laughing, and another "good-by," and yet he did not come. Then I went out to see what had happened. I found the President down on the ground shaking hands with the whole lot of them. Some one had reached up to shake his hand as he was about withdrawing, and this had been followed by such eagerness on the part of the rest of the people to do likewise, that the President had instantly got down to gratify them. Had the secret service men known it, they would have been in a pickle. We probably have never had a President who responded more freely and heartily to the popular liking for him than Roosevelt. The crowd always seem to be in love with him the moment they see him and hear his voice. And it is not by reason of any arts of eloquence, or charm of address, but by reason of his inborn heartiness and sincerity, and his genuine manliness. The people feel his quality at once. In Bermuda last winter I met a Catholic priest who had sat on the platform at some place in New England very near the President while he w
John Burroughs (1837-1921) was a prolific essayist and American naturalist. At the age of 69, he traveled to Yosemite with President Theodore Roosevelt and recorded his experiences and impressions in this short essay.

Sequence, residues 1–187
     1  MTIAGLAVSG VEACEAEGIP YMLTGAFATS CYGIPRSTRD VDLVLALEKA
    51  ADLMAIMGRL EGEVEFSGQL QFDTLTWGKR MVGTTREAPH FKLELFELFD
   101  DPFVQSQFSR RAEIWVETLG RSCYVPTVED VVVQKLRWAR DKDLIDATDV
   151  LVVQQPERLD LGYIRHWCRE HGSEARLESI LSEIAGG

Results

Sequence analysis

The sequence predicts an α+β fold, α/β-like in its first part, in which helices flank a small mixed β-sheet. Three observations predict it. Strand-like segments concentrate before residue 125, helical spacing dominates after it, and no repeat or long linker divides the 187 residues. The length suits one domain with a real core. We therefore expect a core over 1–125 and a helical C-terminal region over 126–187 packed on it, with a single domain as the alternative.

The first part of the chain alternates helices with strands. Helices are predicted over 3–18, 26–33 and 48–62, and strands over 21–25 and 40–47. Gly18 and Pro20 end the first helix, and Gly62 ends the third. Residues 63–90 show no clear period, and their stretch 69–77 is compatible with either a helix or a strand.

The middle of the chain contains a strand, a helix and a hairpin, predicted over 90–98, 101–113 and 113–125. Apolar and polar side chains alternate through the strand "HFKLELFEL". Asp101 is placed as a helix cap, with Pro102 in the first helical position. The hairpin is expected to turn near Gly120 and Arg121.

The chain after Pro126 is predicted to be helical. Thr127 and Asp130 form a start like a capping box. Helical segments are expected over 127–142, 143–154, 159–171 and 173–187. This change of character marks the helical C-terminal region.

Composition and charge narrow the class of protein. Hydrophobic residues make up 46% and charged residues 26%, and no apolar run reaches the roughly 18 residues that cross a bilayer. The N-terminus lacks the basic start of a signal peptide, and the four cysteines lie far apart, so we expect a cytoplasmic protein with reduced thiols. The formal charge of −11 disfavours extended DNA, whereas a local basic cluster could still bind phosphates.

Though the accounting of the wildlife is fascinating,. even more fascinating is Burroughs impressions of Theodore Roosevelt.
For this particular reviewer, this adds great value to the book as though I disagree with some of Roosevelt's political views, the man was certainly one of the greatest lights of the 20th century. A sickly lad who grew up into both wealth and tragedy (his wife and mother both died in his house on Valentine's Day), his strength of character, his dedication to virtue, his soaring intelligence, heroic courage, and love for life made an impression on everybody who encountered him. To see this reflected in the essay of another great man is a refreshing read into a time and life long gone and one that will most likely be never seen again.
C. Alan Loewen